The purpose of this Funding Opportunity Announcement (FOA) is to support the formation of Cooperative Research Centers (CRCs) to pursue vaccine development through multidisciplinary investigations into the host immune response to Clostridioides difficile infection (CDI). To this end, it will be critical to advance knowledge of immunity against CDI by leveraging clinical samples, identifying new protective antigens, and employing novel vaccine and adjuvant platforms. Information stemming from this research initiative will serve as a guide to develop the next generation of C. difficile vaccines to be tested in appropriately devised model systems.
CDI is the most common healthcare-associated infection in the U.S. and is listed as an Urgent Threat in the CDC’s 2019 Antibiotic Resistance Threat report. Recent estimates indicate that CDI rates have declined, although there are still approximately 223,900 infections and 12,800 deaths annually. CDI is a toxin-mediated disease, and the clinical manifestations range from asymptomatic colonization to severe fulminant CDI, which can progress to toxic megacolon, sepsis, and death. Antibiotic exposure is a primary risk factor for acquiring CDI; other factors include age (>65 yrs.) and prior hospitalization. Recent epidemiological data show a positive trend towards reduced hospital-associated infections, likely a reflection of improving antibiotic stewardship; however, this gain is seemingly offset by a rise in community acquired CDI.
The pathogenesis and clinical manifestations of CDI are mediated primarily through the activity of two large protein exotoxins, toxin A (TcdA) and toxin B (TcdB). C. difficile binary toxin (CDT) is a third toxin that is expressed by up to 30% of C. difficile strains and appears to contribute to disease pathogenesis. Nearly all clinically significant C. difficile strains express TcdB; some strains do not express TcdA; and epidemic BI/NAP1/027 strains can produce all three toxins. Regardless of the toxinotype, the host immune response to CDI is primarily directed towards TcdA and TcdB, and antibodies against these two toxins, particularly TcdB, have been shown to be an important predictor of disease outcome. Whilst many individuals have some detectable antitoxin antibodies, toxin-specific antibody levels tend to wane with advanced age, and low levels of antitoxin antibodies are associated with increased risk for recurrent CDI (rCDI). Conversely, elevated levels of circulating IgG antibodies against TcdA and TcdB are associated with asymptomatic colonization and protection from rCDI. Systemic antitoxin IgG has been studied extensively, but there has been less research on the role of local secretory IgA, and aspects of cellular immunity, including B-cell memory, are even less well defined.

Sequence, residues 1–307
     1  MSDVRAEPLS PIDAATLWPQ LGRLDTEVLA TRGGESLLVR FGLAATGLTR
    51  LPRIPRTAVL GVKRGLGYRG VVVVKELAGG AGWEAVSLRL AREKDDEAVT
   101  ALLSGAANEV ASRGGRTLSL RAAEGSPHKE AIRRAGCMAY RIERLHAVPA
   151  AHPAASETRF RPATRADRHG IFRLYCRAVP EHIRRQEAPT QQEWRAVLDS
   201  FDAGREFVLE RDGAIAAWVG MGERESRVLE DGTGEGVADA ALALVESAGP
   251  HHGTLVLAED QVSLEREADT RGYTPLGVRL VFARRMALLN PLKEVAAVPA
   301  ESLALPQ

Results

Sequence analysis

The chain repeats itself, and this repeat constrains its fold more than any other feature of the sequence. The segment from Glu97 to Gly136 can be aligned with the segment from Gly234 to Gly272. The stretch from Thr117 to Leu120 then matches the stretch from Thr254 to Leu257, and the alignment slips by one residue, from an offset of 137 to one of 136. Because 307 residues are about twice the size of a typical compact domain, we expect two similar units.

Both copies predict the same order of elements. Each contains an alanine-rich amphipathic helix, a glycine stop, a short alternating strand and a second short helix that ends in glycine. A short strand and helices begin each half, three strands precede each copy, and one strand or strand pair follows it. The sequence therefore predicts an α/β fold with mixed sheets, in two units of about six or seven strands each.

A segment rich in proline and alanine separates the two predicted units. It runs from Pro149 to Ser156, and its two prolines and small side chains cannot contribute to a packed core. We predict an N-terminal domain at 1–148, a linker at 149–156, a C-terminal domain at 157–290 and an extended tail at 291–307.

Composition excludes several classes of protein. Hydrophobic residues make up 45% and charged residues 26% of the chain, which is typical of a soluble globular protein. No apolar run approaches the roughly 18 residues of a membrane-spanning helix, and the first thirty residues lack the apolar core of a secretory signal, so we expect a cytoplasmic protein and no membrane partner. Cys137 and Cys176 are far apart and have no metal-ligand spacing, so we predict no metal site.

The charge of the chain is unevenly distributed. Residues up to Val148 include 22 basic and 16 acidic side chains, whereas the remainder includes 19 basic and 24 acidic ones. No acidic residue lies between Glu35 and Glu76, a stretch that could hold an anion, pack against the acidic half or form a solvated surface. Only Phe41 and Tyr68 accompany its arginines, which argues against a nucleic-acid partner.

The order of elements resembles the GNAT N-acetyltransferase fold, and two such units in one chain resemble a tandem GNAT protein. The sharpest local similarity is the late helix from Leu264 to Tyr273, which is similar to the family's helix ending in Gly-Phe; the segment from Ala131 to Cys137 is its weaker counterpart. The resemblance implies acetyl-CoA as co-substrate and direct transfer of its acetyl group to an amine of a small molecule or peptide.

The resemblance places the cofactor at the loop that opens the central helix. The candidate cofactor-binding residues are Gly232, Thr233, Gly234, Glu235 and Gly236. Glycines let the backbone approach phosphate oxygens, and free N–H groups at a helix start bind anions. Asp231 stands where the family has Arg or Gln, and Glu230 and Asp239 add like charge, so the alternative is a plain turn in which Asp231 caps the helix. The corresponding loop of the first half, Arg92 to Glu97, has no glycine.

Repeat infections with C. difficile are common and demonstrate that natural infection may not stimulate a protective immune response. The lack of protection following primary CDI could be due to insufficient antibody production, infection with an antigenically distinct strain or toxinotype, or other host related factors, such as waning immunity. Recent studies investigating TcdB identified critical sequence variations that contribute to differences in toxicity and may also influence the production of TcdB neutralizing antibodies. The two TcdB variants (TcdB1 and TcdB2) are associated with distinct C. difficile lineages, and adaptive immune responses to one lineage may not result in protective immunity against other lineages. The induction of a strong toxin-neutralizing antibody response likely plays a key role in protection from disease, whereas immunity to cell surface antigens and other polysaccharides are likely important for promoting pathogen clearance. Germination of C. difficile spores and colonization are critical steps in C. difficile pathogenesis, and adaptive immune responses that impact colonization have the potential to reduce transmission in healthcare facilities and community.